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  1. #1
    Join Date
    May 2012
    Posts
    132

    Unanswered: Protect the database

    Is it possible in access 2010 to make the left panel password protected so that the user will not be able to view and open tables and queries?
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  2. #2
    Join Date
    Jun 2011
    Location
    Inside your mind
    Posts
    297
    Not particularly easily...

    You can setup Users, and request that the user logs in upon loading up the database.

    You can then create a Macro, and call it: AutoExec - This will automatically trigger whenever the database is loading. It will be the very first thing that happens after someone has logged in.

    Inside the AutoExec macro, place some code similar to:

    Code:
    Select Case CurrentUser
    
        'See if it's someone else logging in...
        Case "LIMITED ACCESS USERNAME GOES HERE"
        
            'Shows the navigation pane, if hidden.
            DoCmd.SelectObject acTable, , True
    
            'Opens the Admin form.
            DoCmd.OpenForm "WHATEVER FORM YOU WANT TO LOAD", acNormal
    
            'Hides the Navigation Pane.
            DoCmd.NavigateTo "acNavigationCategoryObjectType"
            DoCmd****nCommand acCmdWindowHide
    
            'Hides the Ribbon.
            DoCmd.ShowToolbar "Ribbon", acToolbarNo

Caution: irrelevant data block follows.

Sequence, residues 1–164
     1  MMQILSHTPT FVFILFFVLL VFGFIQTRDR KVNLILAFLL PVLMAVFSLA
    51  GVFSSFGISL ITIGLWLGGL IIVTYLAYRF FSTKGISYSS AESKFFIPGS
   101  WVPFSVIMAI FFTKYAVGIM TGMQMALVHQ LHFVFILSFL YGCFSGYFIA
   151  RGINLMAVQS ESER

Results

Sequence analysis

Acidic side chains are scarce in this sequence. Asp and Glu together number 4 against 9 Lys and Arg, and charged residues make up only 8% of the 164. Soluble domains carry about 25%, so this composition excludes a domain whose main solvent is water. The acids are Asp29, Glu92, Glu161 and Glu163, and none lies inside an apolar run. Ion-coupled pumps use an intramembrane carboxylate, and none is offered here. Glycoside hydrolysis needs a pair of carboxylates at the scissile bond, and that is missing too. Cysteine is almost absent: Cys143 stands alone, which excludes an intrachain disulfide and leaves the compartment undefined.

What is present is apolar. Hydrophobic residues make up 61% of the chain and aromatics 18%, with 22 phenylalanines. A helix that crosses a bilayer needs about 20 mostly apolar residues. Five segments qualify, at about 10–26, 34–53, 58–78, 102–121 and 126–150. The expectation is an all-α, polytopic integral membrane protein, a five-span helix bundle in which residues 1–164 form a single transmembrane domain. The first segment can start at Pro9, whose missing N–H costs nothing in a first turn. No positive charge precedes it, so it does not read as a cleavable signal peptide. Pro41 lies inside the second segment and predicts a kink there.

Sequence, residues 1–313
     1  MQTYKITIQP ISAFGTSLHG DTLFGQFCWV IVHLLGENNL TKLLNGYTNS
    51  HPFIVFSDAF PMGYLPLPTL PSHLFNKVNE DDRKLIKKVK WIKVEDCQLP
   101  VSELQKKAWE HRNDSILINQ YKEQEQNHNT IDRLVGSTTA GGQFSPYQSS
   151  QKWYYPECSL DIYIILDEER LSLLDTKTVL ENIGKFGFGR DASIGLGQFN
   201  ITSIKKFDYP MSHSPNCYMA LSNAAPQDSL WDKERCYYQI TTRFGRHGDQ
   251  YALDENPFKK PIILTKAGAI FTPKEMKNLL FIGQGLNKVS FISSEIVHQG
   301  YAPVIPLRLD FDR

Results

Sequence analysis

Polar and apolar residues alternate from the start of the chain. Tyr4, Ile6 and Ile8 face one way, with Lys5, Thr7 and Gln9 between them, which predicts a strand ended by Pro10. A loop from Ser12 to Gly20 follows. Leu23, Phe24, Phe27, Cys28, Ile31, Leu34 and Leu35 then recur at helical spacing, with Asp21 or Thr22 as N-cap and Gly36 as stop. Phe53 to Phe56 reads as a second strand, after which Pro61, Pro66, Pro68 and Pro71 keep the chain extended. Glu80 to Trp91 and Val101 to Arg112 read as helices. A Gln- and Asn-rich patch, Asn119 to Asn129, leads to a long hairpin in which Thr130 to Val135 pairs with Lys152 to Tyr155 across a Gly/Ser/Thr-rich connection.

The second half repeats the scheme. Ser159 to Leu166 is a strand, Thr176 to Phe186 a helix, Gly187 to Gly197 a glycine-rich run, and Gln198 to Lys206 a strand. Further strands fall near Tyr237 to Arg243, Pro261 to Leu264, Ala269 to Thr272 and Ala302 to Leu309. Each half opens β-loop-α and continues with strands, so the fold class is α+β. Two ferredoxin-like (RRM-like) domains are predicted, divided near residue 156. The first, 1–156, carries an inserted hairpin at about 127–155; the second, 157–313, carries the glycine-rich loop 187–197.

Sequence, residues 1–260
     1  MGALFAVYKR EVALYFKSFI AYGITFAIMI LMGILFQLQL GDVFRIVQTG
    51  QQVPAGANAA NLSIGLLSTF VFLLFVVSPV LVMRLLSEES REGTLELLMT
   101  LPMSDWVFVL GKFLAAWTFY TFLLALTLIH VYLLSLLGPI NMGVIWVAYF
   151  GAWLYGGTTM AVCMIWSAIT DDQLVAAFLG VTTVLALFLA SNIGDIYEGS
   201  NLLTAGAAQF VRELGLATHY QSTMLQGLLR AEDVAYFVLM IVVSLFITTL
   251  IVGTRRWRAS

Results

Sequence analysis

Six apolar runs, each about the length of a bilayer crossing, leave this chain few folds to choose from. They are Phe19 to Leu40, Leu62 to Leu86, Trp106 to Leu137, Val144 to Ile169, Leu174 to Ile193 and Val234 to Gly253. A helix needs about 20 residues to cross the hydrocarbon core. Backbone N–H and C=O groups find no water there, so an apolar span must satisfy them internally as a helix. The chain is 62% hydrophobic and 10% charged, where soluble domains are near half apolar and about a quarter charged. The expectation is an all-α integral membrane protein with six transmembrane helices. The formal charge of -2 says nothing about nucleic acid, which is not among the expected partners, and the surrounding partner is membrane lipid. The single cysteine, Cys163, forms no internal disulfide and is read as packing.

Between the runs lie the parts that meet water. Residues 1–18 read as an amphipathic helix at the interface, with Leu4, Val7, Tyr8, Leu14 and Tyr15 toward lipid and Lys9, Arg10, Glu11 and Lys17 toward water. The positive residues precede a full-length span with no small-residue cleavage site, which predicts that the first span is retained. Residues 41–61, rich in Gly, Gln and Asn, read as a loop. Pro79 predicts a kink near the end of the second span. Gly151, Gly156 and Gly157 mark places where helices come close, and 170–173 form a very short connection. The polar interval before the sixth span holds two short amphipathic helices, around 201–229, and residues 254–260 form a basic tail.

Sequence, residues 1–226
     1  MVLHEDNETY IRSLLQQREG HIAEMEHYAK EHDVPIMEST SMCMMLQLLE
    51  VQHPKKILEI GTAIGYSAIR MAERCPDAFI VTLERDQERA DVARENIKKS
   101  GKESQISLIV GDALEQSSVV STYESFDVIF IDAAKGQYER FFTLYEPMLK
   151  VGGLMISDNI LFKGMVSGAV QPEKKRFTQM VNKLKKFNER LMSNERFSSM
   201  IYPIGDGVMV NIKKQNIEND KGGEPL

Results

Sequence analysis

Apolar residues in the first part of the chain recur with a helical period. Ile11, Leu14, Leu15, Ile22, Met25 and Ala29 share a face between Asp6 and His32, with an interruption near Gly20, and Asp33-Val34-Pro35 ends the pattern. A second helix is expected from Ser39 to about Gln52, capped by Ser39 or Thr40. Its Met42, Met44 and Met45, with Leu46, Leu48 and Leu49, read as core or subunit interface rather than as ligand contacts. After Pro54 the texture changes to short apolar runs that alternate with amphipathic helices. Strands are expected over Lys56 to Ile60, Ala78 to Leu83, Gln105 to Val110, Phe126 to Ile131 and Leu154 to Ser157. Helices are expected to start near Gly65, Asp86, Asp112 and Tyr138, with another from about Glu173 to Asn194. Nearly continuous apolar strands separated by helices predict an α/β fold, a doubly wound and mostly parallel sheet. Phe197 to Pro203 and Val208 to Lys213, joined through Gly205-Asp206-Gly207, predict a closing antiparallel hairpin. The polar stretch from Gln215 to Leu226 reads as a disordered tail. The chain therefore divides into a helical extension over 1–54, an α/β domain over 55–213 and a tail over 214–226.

'Hides the status bar.
            DoCmd.ShowToolbar "Status Bar", acToolbarNo
                    
    
        'Otherwise, it must be you, so show everything!
        Case Else
    
            i = MaximizeApp()
            DoCmd.SelectObject acTable, , True
            DoCmd.SetDisplayedCategories True
            DoCmd.LockNavigationPane False
    
            'Shows the ribbon.
            DoCmd.ShowToolbar "Ribbon", acToolbarYes
    
            'Shows the status bar.
            DoCmd.ShowToolbar "Status Bar", acToolbarYes
    
    End Select
    That code might have some unnecessary stuff in it, I pieced it together from a more complicated script I use for handling logins, and trimmed out various users and bits that I know aren't necessary.


    Alternatively, you could use a modified version of the script above, without users involved to simply always hide the navigation pane upon opening your database and showing a main 'control' form.

    The 'control' form could have buttons for navigating to your various forms, and one button could be used to show the navigation bar, using:

    Code:
    DoCmd.NavigateTo "acNavigationCategoryObjectType"
    DoCmd****nCommand acCmdWindowUnhide
    So, when the user clicks the button, it'll show the sidebar with your tables, forms, etc on it.

    You would probably want to secure that, and although being far from 'secure', you could simply use a bit of code like:

    Code:
    'Request input from the user.
    i = InputBox("Please enter password:", "Password Required")
    
    'If the input matches the password specified here, then show the navigation sidebar.
    If (i = "YOUR CHOSEN PASSWORD GOES HERE - CASE SENSITIVE") Then
    
        DoCmd.NavigateTo "acNavigationCategoryObjectType"
        DoCmd****nCommand acCmdWindowUnhide
    
    'Otherwise, inform the user that the password is incorrect, and terminate the process.
    Else
    
        MsgBox "You have entered an incorrect password. Please try again.", vbExclamation, "Incorrect Password!"